Prior to 1968, political parties elected presidential nominees largely behind closed doors with influential politicians calling the shots instead of voters. Dissatisfaction with the results of the deeply divided 1968 Democratic National Convention, which saw then-Vice President Hubert Humphrey named as the party's nominee despite not entering a single state primary, forced the party to establish a direct link between voters and convention delegates with the creation of binding primaries and caucuses. But what exactly is a binding primary or caucus, and how common are they?
In a binding primary or caucus, a state's delegates are pledged or bound to a party's presidential candidate based on votes collected in that state during the presidential primary race. Conversely, non-binding primaries or caucuses operate more like straw polls to gauge the public opinion of presidential candidates in a state without binding delegates to any specific candidate. Delegates sent to state or national conventions under non-binding primaries and caucuses are allowed to pledge themselves to a candidate according to their personal preference as votes collected in their precinct or state are considered advisory.
As the Democratic party began to remove some of the smoke and mirrors that plagued its nomination process following the events of 1968, the Republican party was forced to follow suit. However, a lot of confusion (and frustration) remains regarding the role non-binding primaries and caucuses continue to play in the primary race. Despite leading the change, Democrats have not eliminated non-binding caucuses or straw polls from their primary process altogether, they're still held by the party in Iowa, Nevada, and Colorado.
It's Republicans who took the first step to officially close the book on non-binding primary events and boost primary poll participation. A recent rule change by the national Republican party requires state delegates to support whichever candidate wins the caucus vote held in their state. In essence, the rule eliminates non-binding primary and caucuses from the Republican primary in hopes of avoiding "political mischief" like that seen at the 2012 convention. This resulted in states like Nebraska and Montana dropping their traditional "beauty contest" primary polls for binding, winner-take-all Republican primary events. Iowa, Minnesota, Maine, and Washington were also forced to adopt binding primaries and caucuses.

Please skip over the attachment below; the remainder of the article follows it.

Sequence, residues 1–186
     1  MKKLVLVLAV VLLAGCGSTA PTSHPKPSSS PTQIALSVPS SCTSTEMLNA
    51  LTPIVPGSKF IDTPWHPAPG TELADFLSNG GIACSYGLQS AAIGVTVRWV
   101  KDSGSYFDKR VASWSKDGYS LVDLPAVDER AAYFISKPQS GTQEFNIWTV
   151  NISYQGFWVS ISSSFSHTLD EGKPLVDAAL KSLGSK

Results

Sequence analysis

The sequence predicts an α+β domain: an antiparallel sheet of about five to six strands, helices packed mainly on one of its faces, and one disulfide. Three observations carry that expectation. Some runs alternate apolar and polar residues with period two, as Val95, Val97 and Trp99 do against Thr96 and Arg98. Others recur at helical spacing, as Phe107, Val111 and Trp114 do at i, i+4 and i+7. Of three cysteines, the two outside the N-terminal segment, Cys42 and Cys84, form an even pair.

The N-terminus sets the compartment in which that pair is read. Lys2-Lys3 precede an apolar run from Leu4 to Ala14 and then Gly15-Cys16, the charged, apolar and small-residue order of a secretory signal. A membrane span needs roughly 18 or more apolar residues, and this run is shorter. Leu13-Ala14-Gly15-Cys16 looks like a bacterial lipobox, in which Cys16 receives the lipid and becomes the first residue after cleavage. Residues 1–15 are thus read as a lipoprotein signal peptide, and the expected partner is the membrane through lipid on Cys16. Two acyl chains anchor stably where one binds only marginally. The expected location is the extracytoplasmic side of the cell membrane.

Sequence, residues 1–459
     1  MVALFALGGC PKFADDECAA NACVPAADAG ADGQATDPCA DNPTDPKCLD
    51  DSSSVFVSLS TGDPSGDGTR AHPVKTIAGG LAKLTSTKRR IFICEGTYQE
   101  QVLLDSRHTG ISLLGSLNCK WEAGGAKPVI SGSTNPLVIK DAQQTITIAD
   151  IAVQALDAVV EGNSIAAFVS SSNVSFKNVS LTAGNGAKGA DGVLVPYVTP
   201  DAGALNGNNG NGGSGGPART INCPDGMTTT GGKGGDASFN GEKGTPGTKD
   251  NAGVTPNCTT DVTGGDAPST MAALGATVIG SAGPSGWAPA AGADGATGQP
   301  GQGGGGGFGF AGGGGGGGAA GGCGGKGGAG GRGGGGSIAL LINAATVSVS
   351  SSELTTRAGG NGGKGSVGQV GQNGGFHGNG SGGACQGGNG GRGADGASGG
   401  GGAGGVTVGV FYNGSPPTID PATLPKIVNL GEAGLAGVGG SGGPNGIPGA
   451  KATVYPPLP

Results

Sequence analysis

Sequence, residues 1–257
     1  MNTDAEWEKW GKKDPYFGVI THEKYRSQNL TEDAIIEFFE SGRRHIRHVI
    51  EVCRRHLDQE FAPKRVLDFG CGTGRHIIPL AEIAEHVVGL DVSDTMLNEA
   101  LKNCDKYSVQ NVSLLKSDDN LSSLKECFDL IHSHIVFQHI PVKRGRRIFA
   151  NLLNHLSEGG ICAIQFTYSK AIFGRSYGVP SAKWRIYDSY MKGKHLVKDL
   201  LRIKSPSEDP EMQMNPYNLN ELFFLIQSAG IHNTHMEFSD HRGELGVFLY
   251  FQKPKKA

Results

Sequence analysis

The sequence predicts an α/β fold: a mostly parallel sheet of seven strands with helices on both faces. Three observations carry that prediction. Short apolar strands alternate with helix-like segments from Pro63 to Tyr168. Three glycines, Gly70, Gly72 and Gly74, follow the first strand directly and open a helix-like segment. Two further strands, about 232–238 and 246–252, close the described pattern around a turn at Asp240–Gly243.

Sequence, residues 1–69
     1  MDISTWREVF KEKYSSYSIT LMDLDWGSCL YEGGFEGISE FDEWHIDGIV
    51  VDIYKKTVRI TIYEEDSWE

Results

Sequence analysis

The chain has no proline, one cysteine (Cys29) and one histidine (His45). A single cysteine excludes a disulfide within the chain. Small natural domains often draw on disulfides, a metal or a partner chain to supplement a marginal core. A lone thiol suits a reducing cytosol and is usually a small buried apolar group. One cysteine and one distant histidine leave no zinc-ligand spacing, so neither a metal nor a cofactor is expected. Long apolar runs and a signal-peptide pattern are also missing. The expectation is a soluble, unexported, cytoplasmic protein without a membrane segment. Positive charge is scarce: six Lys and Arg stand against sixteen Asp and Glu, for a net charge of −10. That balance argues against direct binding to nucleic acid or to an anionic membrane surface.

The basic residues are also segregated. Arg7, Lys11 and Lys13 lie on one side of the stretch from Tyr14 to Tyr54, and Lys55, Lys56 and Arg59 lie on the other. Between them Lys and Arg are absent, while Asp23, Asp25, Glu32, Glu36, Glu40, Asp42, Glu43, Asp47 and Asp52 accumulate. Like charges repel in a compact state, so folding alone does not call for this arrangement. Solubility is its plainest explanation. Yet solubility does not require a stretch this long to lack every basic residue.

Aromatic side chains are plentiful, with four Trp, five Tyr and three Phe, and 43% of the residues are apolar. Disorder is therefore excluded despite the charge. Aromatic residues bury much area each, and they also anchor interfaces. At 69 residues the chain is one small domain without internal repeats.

Colorado's Republican party, however, has decided to circumvent the national party's rule by dropping its primary electoral event altogether, much to GOP voters' frustration. The Colorado GOP announced it had voted to cancel the traditional "presidential preference poll" held at caucuses throughout the state in order to keep the state's delegates unbound to any particular candidate at the July convention, the Denver Post reported. The state's Democratic party will hold its non-binding caucus on Super Tuesday, allowing voters to make their presidential preference known and select delegates to participate in county (and then later, state) conventions.
North Dakota's Republican party was also forced to ditch its non-binding presidential straw poll, but failed to put together rules for a binding primary before the October deadline, leaving GOP voters in the state similarly stuck on the bench while Democrats in the state participate in binding caucuses, local paper Inforum reported.
The truth of the matter is that presidential elections are a lot more complicated than your high-school government teacher likely made them out to be. Delegate math and allocation is a messy business even without considering the impact superdelegates can have. Low voter turnout and a general sense of political disenfranchisement are proof many don't feel their vote counts, and indeed, in some state's it certainly doesn't seem to. Voters, especially those in states still holding non-binding straw polls and electoral events, would benefit from the greater sense of transparency that binding primaries and caucuses could bring to the presidential primary.
Believe it or not, both primaries and caucuses can be laugh-out-loud hilarious. Don't believe us? Have a listen to Bustle's "The Chat Room" podcast...
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